Some information, for example, news items, stock prices, or electronic mail is difficult or impractical to prerecord before it is made available over a telephony system. Instead, your application can have text converted into synthesized speech as it is needed.

Text-to-speech provides the necessary flexibility for applications that have a large number or varying spoken responses. information can be read to the caller without the need to prerecord voice segments. Applications can use synthesized speech, prerecorded speech, or a mixture of both.

Blueworx Voice Response uses the open standard communication protocol MRCP Version 1 to communicate with speech technologies such as WebSphere Voice Server 5.1, Nuance Speech Server version 5.1.2 (Recognizer 9.0.13, Vocalizer 5.0.2), and Loquendo Speech Server V7.

Text-to-speech using WebSphere Voice Server

When using WebSphere Voice Server or third party speech technology vendor's product compatible with MRCP V1, the application uses the Blueworx Voice Response MRCP client interface to send text to a text-to-speech server. The text-to-speech server returns the synthesized speech back through the Blueworx Voice Response MRCP client interface and the application then sends it down the voice channel to the caller.

Speech synthesis technology is very dependent on the language that is being synthesized. The WebSphere Voice Server Text-To-Speech function is available in a number of languages.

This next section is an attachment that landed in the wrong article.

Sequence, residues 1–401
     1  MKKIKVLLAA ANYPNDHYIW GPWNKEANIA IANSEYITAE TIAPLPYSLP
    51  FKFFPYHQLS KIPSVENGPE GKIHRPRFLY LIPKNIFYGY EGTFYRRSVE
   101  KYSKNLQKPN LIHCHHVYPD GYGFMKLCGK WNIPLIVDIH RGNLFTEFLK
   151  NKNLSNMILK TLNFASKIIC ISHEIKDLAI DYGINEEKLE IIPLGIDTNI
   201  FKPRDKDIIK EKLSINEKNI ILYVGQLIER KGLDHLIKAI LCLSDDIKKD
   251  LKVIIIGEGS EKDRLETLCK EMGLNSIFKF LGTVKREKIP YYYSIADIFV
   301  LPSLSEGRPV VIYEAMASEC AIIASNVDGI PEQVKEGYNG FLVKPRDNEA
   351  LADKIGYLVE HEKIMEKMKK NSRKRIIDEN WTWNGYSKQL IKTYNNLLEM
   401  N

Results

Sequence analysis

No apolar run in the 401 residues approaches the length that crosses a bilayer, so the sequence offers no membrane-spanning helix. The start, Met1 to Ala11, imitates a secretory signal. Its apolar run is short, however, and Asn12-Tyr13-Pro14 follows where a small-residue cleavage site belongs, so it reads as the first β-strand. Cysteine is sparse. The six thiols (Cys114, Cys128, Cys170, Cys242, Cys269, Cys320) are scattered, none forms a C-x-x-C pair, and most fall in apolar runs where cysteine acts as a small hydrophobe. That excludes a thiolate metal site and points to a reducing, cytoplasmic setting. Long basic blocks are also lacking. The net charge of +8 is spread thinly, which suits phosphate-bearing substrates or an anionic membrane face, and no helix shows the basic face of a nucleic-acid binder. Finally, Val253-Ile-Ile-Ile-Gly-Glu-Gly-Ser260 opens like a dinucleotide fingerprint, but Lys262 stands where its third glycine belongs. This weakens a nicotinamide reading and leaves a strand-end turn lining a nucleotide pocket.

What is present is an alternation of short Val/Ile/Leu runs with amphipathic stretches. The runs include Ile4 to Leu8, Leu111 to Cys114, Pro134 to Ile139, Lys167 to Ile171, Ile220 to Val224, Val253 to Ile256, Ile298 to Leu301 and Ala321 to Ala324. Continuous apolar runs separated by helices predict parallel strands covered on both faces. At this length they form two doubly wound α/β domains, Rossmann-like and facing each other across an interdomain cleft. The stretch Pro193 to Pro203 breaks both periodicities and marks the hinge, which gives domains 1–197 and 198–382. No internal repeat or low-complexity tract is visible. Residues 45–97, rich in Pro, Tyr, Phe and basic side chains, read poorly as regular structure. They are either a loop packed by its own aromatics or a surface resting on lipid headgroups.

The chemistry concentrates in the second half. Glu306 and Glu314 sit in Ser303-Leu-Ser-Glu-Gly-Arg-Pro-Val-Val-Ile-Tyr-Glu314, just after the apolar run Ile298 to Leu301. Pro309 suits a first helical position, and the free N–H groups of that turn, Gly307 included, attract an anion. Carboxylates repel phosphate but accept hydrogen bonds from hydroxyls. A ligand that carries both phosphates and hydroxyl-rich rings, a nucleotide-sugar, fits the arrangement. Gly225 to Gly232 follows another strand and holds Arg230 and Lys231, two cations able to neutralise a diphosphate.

The WebSphere Voice Server Text-To-Speech function allows your voice applications to adapt to specific circumstances by synthesizing a prompt from a text string and playing it dynamically in real time. For example, in response to a caller's request for which no prerecorded prompt is available, a voice application can select an appropriate text string and convert it to speech to play back to the caller. This enables your application developers to develop voice applications more quickly and cheaply. The Text-To-Speech function also supports barge-in (or cut through) so that synthesized speech can be interrupted by a caller in the same way that a prerecorded prompt can. See Speech Recognition for more information on using text-to-speech together with speech recognition in a voice application and also on the different ways in which text-to-speech engines can be allocated or assigned.

Text-to-speech servers can be on separate systems that are shared between multiple Blueworx Voice Response systems, allowing more callers to be handled at the same time. This type of arrangement is scalable, and also provides redundancy, so that if the need arises to close down part of the system, the remaining machines can continue to provide a service.

For detailed information about the text-to-speech functions provided in WebSphere Voice Server, refer to the WebSphere Voice Server infocenter at: